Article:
Is your business making these 5 cybersecurity mistakes?
As new entrepreneurs rush to launch their businesses and capitalize on current trends, they can often neglect the security basics and leave themselves vulnerable. As a new small business owner, what cybersecurity mistakes should you avoid, and are there any that you’re already making?
While you may believe that small businesses are not targeted as often as large corporations, this isn’t true. Your business revenue may be smaller, but attackers can still infiltrate your network to retrieve sensitive client and partner details.
In this article, we will explore five cybersecurity mistakes your small business might be making.
Why cybersecurity is important for small businesses
Protecting your clients and customers is just as important as protecting your financial data or banking details. Negligent businesses who suffer data breaches can be fined and charged under laws and standards such as the General Data Protection Regulation (GDPR) and California Consumer Privacy Act (CCPA).
This can result in a hit to your business’s reputation and finances. In fact, 60% of small businesses close within six months of suffering a cyberattack and/or data breach.
What are some of the cybersecurity mistakes your small business may be making?
1. Prioritizing cybersecurity last
As a business owner, you must be proactive when it comes to cybersecurity. This means keeping cybersecurity at the forefront of your mind when establishing your IT and network infrastructure. You must research which territories and regulations your business will be subject to. Then you must exhaustively study all documents, guidelines, and materials related to these data regulations and restrictions.
This will give you an idea of what tools, protocols, and practices to implement as you’re planning and building your IT infrastructure.
For instance, when creating a checkout flow for your e-commerce store, always remember:
- Do not store unnecessary personally identifiable information (PII).
- Hold on to information for only as long as it satisfies business requirements.
- Do not use PII unnecessarily.
Additionally, you should ensure anyone who works with you or helps you with your website follows good security practices. Ultimately, “security first” should be your business’s mantra.
2. Failing to implement sensible access control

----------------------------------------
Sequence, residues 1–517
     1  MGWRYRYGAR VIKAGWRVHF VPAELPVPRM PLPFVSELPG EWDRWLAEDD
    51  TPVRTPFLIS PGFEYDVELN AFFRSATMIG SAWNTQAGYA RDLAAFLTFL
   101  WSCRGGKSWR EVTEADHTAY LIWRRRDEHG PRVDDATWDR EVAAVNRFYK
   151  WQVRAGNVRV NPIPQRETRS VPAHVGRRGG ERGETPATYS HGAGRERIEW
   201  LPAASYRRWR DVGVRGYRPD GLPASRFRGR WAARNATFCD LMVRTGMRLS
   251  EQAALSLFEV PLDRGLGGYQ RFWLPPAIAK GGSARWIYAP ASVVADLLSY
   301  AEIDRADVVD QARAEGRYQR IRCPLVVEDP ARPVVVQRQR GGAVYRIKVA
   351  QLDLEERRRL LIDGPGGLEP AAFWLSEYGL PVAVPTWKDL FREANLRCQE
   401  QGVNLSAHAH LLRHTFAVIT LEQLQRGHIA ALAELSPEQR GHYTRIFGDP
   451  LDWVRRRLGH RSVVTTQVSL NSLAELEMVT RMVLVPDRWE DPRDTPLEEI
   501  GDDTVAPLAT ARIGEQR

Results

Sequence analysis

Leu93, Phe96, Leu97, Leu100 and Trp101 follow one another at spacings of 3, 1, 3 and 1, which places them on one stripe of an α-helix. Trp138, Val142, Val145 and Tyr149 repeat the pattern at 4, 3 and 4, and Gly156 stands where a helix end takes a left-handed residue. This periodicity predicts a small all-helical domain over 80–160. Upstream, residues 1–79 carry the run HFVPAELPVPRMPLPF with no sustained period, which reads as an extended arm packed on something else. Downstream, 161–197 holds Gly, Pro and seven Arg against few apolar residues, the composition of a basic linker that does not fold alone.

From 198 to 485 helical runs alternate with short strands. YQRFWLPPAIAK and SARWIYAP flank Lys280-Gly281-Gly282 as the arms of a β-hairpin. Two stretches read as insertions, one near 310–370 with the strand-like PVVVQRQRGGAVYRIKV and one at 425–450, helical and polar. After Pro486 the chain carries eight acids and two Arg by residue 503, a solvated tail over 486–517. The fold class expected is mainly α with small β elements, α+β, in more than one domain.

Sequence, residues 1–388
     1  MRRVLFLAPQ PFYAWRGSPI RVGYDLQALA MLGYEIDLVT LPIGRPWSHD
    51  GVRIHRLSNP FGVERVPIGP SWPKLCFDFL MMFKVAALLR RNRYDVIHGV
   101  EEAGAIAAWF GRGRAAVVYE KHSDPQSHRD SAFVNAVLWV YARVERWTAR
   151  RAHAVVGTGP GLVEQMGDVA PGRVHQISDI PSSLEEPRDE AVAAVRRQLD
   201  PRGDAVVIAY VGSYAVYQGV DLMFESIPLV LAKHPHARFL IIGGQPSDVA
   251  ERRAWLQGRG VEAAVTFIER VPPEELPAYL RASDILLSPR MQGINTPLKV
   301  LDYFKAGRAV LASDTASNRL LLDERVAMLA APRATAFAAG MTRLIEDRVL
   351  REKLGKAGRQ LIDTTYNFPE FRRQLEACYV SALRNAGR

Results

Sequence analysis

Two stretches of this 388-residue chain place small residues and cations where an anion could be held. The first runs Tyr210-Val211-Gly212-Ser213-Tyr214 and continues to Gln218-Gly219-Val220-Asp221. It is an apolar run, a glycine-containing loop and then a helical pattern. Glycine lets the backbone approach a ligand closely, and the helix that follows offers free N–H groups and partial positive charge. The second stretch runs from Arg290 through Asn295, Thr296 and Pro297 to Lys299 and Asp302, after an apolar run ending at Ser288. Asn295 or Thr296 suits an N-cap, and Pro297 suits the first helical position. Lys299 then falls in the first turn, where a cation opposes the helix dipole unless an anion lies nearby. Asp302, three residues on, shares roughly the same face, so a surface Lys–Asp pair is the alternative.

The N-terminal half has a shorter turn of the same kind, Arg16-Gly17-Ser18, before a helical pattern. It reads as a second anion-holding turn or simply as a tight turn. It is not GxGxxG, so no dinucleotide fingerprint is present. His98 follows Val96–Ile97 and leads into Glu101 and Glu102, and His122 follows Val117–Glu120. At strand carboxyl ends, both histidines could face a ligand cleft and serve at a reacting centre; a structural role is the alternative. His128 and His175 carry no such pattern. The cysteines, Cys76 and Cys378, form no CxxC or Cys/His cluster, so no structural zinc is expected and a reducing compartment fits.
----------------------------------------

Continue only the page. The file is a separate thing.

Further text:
Insider threats don’t just impact large companies. They can also present a security risk to small companies.
It may be tempting for business owners to grant website support staff and freelancers access to all elements of a website or e-commerce data. This is a big no-no. Everyone should only receive the access that’s necessary to perform their tasks. They should not have full administrative access to clients or servers.
3. Being lax on passwords
This goes together with the last point. There’s no point in using authentication tools if they’re weak and can be bypassed. Using weak passwords such as ‘password123’ is no different from failing to have one at all.
When you implement password-based authentication, force unique and strong passwords for yourself and anyone who has access to your digital assets.
Some common password rules include:
- Force unique complex passwords above a certain length (7) with a mixture of lower case, upper case, special and numerical characters, and avoid using simple dictionary words as passwords. This will ensure that your passwords are guarded against brute-force attacks.
- Store and encrypt passwords securely.
- Protect against password or authentication bypass by adding two-factor authentication.
- Protect against brute force attacks by implementing a profile/credential lock/block when a user has entered their password incorrectly too many times (three most commonly).
4. Failing to use comprehensive encryption
Passwords aren’t the only information that must be encrypted. Sensitive business data such as user personally identifiable information (PII) and financial records should not just be encrypted upon being stored. The channels they are transmitted through should be encrypted too. Sensitive data must be kept secure throughout its lifecycle.
Your company should use industry-tested and accepted methods to encrypt data. Furthermore, you should check your configurations and backups routinely. This will ensure the integrity of the data and its encryption.
5. Failing to implement secure remote access to your network
You must secure remote access to your network, especially if you plan to hire remote workers and freelancers. If your company provides remote access to employees, you must ensure that those access points are secure.
Each device that connects remotely creates potential entry points for security threats. As such, it’s important to ensure endpoint security. This means forcing each device that connects to your network to comply with the specific security requirements of your company before it can have access to your network.
Practice good security to avoid costly downtime
Of course, these aren’t the only cybersecurity blind spots your business’s IT infrastructure may be harboring. For instance, failing to segment your network and failing to routinely monitor for new vulnerabilities may also leave you at risk. Your company should also restrict connections to certain IP addresses and ports on your network and place a time limit for how long remote devices can access certain network resources.
But ensuring you aren’t making the above five security mistakes we’ve covered here today will ensure your small business is much better protected against today’s cyber criminals than most other small businesses are.